Research into Congenital Disorders of Glycosylation (CDG)

Why does CDG occur?

Testing for CDG

The Future for CDG

What can you do to help?

Is there a treatment for CDG?

Why does a Congenital Disorder of Glycosylation occur?

A Congenital Disorder means the disorder is present from birth.  Congenital Disorders of Glycosylation (CDG) is an inborn error of metabolism.  It is mostly a recessive hereditary genetic disorder. There are approximately 1000 diagnosed cases worldwide.

Glycosylation is the process in which sugar trees (glycans) are attached to proteins in a specific order. These are called glycoproteins and are vital for the development of healthy cells and, therefore, the body’s healthy growth and development.

The initial test for CDG is a blood test to look for abnormalities in the transferrin pattern.  Errors in the transferrin pattern results in a type I or type II CDG.

“The transferrin protein carries two ‘glyco’-trees, each having two branches in most of the cases.  In CDG type I, one or both of the trees are completely missing.  In CDG Type II, the base of the tree is present, but something happened to the branches” Mailys Guillard, Biomedical Engineer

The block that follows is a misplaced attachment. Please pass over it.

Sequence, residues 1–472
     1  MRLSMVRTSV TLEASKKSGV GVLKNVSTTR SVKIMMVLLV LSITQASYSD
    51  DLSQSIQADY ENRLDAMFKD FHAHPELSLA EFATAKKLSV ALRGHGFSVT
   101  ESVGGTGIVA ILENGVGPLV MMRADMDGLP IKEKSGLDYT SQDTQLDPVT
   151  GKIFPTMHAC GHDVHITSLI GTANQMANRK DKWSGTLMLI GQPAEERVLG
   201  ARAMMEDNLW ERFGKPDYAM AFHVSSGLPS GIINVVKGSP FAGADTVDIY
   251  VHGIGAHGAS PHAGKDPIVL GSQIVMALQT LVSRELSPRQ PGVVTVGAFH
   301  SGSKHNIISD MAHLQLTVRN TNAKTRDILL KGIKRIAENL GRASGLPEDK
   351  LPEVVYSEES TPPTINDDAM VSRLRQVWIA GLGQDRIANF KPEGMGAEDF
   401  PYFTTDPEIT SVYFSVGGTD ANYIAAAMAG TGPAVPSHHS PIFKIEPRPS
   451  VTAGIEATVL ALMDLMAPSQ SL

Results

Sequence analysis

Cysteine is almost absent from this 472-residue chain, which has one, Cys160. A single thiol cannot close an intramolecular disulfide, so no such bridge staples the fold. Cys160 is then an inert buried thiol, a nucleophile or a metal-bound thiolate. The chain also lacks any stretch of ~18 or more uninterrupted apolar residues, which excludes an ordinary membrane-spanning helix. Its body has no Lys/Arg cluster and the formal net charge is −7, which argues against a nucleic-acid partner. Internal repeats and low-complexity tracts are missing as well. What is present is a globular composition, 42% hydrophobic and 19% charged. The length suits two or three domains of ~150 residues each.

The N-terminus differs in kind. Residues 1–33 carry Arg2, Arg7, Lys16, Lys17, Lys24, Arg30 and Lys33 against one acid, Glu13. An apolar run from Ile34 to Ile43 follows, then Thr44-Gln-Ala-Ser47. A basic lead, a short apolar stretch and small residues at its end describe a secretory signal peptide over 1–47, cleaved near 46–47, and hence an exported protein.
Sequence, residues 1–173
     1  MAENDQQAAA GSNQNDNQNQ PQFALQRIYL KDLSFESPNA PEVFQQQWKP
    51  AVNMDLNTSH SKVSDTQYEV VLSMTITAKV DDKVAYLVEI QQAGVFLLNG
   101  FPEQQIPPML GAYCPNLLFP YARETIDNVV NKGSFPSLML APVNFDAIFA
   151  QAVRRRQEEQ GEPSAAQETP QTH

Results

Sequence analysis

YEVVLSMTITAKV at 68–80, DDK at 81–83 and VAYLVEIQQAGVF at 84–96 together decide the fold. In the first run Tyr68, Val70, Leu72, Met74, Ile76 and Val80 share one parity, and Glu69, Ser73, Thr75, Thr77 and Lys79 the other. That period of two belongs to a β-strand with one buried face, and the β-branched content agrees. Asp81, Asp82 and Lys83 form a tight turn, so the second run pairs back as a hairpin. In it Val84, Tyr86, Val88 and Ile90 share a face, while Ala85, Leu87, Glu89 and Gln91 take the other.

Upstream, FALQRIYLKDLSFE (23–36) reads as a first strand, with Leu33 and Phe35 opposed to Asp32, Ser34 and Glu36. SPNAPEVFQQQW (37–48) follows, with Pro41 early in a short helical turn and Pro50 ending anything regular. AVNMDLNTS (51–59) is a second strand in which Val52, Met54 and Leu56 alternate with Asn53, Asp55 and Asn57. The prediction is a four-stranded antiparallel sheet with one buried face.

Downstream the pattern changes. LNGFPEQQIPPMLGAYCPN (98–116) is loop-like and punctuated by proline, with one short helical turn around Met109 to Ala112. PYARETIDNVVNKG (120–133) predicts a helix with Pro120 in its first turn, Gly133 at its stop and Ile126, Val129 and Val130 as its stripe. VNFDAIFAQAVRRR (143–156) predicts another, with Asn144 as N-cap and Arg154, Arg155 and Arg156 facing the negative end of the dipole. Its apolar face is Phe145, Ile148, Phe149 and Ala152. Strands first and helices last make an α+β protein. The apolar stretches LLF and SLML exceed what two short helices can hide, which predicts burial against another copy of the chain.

Sugar ‘trees’ or ‘chains’ are very important for the proper function of the body’s proteins. Problems with the sugar trees (glycans) being absent or incomplete interferes with the proper function of the proteins.  Proper cell function, as well as good cell to cell communication, is very important, as it regulates the activity and function of enzymes, hormones, and proteins in the body.  This is needed for good health, growth and development. 

When there is an error in the glycosylation process, this can have serious consequences throughout the entire body.  Symptoms can range from mild to severe.  But CDG can significantly affect growth and development of the brain, as well as the development of speech, language, vision and hearing, and a failure to thrive (growth).   It can also affect organs such as heart, liver and kidneys.

PMM2 is the most well-known CDG.

SLC35A2-CDG is the first CDG to be discovered that is not inherited, but is a spontaneous mutation.

Testing for Congenital Disorders of Glycosylation

Transferrin testing does not always show as abnormal, so more specialist testing is required to either confirm or rule out CDG.